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#include<stdio.h>
#include<signal.h>
#include<stdlib.h>
void handler(int signo)
{
    printf("First statement");
    system("date");
    exit(EXIT_SUCCESS);
}

int main()
{
    signal(SIGINT,handler);
    printf("Waiting for KeyboardInterrupt\n");
    for(;;);
    return 0;
}

Test run:-

shadyabhi@shadyabhi-desktop:~/c$ gcc main.c
shadyabhi@shadyabhi-desktop:~/c$ ./a.out
Waiting for KeyboardInterrupt
^CWed Mar 10 23:55:47 IST 2010
First statementshadyabhi@shadyabhi-desktop:~/c$

Why is "First Statement" getting printed after system() call??

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3 Answers 3

up vote 2 down vote accepted

The standard input, output and error streams are created when your process starts, which in this case is your C program. When you make the system call, another process is created to execute the date command, and it gets its own set of streams.

In your program, the printf output is buffered to the standard output stream of your C program. Then the output of date is buffered to its own standard output stream. When the system call ends, the date standard output stream is flushed, so you see the output. Then, when your C program ends, its standard output stream is flushed and you see the printf output.

You might find this fellow's posting helpful: http://www.pixelbeat.org/programming/stdio_buffering/

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thats what i wanted.. :) –  shadyabhi Mar 10 '10 at 19:05

Did you try flushing the buffer before calling system("date")?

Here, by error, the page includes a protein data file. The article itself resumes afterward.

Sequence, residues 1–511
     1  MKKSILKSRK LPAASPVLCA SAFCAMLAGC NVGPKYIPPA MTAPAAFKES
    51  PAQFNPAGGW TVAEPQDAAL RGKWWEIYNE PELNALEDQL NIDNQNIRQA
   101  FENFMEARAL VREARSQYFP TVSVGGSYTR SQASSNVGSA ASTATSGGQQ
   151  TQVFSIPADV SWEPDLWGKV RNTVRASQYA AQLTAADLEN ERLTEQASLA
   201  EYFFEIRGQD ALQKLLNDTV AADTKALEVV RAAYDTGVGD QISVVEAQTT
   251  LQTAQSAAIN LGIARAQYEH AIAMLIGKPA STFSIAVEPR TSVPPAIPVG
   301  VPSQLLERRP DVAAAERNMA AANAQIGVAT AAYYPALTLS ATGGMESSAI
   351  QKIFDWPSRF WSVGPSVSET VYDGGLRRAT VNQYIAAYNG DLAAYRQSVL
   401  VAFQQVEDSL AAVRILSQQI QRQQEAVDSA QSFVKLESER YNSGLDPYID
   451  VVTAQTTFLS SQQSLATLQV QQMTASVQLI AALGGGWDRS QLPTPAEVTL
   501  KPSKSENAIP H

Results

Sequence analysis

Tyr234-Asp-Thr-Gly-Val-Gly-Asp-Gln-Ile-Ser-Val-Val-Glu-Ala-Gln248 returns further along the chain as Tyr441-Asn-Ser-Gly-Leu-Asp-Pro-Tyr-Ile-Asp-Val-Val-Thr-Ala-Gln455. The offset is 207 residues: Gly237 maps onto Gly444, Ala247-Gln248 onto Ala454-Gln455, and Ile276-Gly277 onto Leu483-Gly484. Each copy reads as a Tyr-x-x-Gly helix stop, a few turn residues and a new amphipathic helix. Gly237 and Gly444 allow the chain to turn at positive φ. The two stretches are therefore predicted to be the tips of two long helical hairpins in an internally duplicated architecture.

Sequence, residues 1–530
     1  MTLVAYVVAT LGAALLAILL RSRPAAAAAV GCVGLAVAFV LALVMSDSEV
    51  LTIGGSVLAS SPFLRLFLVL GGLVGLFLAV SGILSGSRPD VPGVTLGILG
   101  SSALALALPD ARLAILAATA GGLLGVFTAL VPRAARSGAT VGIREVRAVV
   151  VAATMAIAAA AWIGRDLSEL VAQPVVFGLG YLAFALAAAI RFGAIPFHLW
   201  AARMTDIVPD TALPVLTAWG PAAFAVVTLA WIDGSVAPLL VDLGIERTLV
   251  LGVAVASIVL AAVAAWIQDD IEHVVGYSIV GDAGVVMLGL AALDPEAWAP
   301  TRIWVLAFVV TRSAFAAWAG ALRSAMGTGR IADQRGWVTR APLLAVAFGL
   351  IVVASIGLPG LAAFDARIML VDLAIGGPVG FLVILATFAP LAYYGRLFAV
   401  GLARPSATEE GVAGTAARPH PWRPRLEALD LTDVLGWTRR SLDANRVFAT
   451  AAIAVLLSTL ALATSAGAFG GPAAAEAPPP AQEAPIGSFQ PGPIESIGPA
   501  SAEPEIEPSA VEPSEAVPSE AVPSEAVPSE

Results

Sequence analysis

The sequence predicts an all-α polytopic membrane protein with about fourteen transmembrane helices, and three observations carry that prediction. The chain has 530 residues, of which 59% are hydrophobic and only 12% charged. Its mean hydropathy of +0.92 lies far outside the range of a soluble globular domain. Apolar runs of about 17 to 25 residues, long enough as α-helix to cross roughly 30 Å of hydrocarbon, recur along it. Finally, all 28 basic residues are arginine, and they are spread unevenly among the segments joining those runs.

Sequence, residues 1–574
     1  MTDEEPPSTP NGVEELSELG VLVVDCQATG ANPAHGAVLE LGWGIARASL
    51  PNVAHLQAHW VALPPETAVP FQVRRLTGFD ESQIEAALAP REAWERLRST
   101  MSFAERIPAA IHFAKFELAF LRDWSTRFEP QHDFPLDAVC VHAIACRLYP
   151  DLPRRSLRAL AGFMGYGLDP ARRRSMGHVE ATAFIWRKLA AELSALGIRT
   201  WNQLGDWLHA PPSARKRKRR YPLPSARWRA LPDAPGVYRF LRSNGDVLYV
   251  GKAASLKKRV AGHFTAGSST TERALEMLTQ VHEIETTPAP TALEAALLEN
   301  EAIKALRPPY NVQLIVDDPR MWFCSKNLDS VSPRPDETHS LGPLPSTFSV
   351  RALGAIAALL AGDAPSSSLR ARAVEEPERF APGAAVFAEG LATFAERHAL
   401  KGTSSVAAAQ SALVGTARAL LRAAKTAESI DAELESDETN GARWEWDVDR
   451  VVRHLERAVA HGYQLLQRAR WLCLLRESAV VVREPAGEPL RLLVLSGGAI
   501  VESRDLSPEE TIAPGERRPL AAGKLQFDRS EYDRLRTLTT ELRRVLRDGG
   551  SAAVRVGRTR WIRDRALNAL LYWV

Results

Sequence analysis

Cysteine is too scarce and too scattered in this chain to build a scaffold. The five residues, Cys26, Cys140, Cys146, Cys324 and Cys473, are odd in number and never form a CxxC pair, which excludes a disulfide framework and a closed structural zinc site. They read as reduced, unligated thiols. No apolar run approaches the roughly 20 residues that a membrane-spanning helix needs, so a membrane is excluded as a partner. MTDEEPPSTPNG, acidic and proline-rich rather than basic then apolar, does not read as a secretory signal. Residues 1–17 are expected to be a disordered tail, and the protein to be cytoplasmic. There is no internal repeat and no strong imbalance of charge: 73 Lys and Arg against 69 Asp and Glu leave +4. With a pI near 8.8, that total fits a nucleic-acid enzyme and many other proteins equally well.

I just added fflush(NULL); before system, and the output is as expected.

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Ya. I know this.. But, still I got the right solution from @Mike.. –  shadyabhi Mar 10 '10 at 19:02
    
fflush(NULL) flushes ALL buffers, so it does not matter who has which buffer. fflush with a specific argument flushes only that buffer. –  rmk Mar 10 '10 at 19:37

The C IO API buffers things up in order to print more efficiently. Typically the buffer is flushed whenever you write out a newline or manually flush it.

So you can use a newline to flush the buffer:

printf("First statement\n");

Or use the fflush function:

printf("First statement");
fflush (stdout);
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1  
Adding the "\n" will not always (for example if stdout is redirected to a file). fflush will. –  Andrew Stein Mar 10 '10 at 18:36
    
Actually, I new that this happens.. But, as said my @Mike, I came to know that STDOUT is not being flushed bcos "date" command has another STDOUT stream.. –  shadyabhi Mar 10 '10 at 19:00

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